In this exemplary Type “B” system embodiment, the internal bore 222 is shaped to receive the flattened embolic thread member 212 in a rectangular shaped bore portion indicated at 228 a. Additionally, the catheter sleeve is adapted to slide over a round guidewire (not shown) that is accommodated by the round shape bore portion 228 b. In this embodiment, the embolic thread member 212 again has a body core 230 of a continuous length of a flexible polymeric filament. The polymer embolic member 212 again carries a radio-opaque composition.
As can be seen in FIG. 8, this alternative embodiment of embolic member 212 carries first and second opposing thin-wall metallic coating portions 240 a and 240 b that extend the length of the embolic member 212. The metallic coating in this embodiment again has a selected resistivity to current flow that ranges from about 1 ohm to 500 ohms per 10 cm. length, although a lesser resistivity also is functional for some methods of the invention. For example, the opposing metallic coating portions 240 a and 240 b can act as bi-polar electrodes as will be described below. In such an application, the first and second metallic portions 240 a and 240 b extends along first and second sides 241 a and 241 b of the entire length of the embolic member 212. It can be seen that these first and second metallic surfaces define a center-to-center dimension and can act as bi-polar electrodes, since the surface portions are spaced apart on either side of a medial non-metallic surface portion indicated at 243.
FIG. 8 further illustrates that working end 211 of catheter sleeve 210 carries spaced apart first and second conductive electrodes 244A and 244B on either side of bore portion 228 a that carries embolic member 212. The electrodes 244A and 244B are coupled to electrical leads 246 a and 246 b in wall 248 that extend to electrical source 50 and controller 55. As can be understood by viewing FIG. 8, the elongate polymer member 212 is substantially stiff so that it can be pushed distally from bore portion 228 a from the handle end of the catheter, and the electrodes 244A and 244B will always be in contact with the respective metallic surface portions 240 a and 240 b of the polymer element 212. Alternatively, the embolic member can be pushed distally by an extension member as described previously.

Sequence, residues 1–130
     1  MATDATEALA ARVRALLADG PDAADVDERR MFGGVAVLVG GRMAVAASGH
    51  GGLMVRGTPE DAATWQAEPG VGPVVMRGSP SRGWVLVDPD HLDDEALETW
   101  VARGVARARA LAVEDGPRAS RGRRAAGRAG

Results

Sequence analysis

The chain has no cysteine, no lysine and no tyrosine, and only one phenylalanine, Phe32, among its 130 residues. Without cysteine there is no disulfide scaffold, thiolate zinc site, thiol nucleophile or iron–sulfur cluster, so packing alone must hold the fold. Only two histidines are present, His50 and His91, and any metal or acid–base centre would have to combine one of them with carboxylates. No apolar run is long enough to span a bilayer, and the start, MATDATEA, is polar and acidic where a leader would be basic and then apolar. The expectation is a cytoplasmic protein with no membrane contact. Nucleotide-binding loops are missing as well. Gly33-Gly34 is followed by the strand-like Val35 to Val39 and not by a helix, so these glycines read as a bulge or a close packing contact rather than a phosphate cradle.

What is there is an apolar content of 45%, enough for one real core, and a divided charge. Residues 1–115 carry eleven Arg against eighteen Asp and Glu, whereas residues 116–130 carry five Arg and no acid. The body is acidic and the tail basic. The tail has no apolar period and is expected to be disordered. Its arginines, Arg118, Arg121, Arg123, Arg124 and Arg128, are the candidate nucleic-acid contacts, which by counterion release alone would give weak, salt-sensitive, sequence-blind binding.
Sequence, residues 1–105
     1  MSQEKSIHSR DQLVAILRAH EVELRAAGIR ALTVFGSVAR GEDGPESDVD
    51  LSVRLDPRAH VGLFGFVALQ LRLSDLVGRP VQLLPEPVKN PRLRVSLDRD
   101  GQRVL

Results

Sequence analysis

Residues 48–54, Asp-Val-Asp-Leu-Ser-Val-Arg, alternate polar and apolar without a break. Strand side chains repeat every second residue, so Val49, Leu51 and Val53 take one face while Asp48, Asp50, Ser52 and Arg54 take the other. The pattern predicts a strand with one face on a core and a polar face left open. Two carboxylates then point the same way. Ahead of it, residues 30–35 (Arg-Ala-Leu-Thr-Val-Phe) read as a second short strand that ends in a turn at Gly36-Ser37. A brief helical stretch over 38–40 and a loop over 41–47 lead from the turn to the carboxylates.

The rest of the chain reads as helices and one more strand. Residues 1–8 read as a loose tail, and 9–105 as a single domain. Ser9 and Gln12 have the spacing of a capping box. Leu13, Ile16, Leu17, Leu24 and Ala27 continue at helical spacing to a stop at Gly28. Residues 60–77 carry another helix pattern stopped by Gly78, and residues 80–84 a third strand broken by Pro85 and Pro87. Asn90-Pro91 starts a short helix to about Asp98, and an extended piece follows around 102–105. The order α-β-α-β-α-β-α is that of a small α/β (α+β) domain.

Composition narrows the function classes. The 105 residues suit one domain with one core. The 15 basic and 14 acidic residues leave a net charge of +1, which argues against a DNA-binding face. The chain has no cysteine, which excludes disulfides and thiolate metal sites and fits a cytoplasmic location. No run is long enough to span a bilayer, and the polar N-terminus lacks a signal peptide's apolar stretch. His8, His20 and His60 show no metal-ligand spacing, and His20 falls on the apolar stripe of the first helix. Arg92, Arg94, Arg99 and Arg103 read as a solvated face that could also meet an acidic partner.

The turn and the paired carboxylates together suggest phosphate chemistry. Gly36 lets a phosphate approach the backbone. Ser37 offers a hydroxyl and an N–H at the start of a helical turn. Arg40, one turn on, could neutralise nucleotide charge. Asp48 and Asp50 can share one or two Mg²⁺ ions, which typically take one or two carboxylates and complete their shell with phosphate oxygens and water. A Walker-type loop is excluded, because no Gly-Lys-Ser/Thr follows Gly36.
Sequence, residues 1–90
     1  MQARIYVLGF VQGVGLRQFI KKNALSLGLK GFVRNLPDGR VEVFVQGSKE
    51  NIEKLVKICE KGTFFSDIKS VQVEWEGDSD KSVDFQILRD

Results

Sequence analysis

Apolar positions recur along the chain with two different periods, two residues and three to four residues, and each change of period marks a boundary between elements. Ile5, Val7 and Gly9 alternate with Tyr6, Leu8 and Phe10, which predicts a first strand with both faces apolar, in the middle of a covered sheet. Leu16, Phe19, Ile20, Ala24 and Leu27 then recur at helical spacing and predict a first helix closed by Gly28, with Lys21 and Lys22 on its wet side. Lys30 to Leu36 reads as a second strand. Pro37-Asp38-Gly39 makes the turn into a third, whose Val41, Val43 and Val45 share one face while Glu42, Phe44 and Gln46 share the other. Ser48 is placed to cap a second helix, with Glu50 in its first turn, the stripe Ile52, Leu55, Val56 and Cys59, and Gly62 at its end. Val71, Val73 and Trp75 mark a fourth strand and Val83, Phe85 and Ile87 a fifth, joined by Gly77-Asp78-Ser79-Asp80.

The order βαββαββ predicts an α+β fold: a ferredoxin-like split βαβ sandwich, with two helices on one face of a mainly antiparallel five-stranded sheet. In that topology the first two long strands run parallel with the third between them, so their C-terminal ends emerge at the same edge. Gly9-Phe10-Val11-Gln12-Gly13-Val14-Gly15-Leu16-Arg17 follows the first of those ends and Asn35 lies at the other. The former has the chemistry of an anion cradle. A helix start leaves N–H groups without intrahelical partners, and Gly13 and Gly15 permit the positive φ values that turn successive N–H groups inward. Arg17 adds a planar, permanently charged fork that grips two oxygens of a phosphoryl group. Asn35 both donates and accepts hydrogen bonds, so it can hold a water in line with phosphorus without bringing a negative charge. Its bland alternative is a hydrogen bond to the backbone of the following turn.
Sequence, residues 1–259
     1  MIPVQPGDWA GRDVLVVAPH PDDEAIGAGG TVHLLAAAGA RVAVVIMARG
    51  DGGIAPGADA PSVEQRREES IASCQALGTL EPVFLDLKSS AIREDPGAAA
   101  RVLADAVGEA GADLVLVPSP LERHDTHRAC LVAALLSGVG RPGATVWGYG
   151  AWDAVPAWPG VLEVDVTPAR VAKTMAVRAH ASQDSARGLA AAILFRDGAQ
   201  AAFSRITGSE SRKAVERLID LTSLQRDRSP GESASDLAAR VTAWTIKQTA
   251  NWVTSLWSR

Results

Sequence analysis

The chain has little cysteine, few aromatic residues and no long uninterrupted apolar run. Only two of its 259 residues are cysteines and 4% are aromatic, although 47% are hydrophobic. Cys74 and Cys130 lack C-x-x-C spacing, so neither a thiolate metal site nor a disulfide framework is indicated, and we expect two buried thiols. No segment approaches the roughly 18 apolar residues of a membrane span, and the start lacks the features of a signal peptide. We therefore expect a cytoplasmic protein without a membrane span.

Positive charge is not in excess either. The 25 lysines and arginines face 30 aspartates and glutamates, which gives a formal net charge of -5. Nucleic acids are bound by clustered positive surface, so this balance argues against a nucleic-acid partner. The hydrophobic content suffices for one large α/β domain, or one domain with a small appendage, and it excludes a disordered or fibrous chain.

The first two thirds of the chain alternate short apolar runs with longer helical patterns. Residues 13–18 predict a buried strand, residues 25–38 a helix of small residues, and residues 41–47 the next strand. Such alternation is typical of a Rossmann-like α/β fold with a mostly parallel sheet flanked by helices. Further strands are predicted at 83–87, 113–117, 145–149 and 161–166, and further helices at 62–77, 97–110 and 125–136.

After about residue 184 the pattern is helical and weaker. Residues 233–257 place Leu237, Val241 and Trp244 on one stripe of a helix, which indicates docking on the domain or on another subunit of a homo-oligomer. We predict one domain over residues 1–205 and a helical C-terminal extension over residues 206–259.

The manner of using catheter system 205 to perform the methods of occluding a cerebral aneurysm 100 can be easily described, still referring to FIG. 8. The elongate polymer member 212 is passed through the catheter sleeve 210 and thereby fed into the aneurysm 100 similar to the graphic representation of FIG. 6B. Thereafter, a guidewire (if used) is withdrawn from the catheter passageway 228 b. Thus, the aneurysm sac can be substantially occupied with embolic member 212 to partially mechanically occlude the aneurysm volume.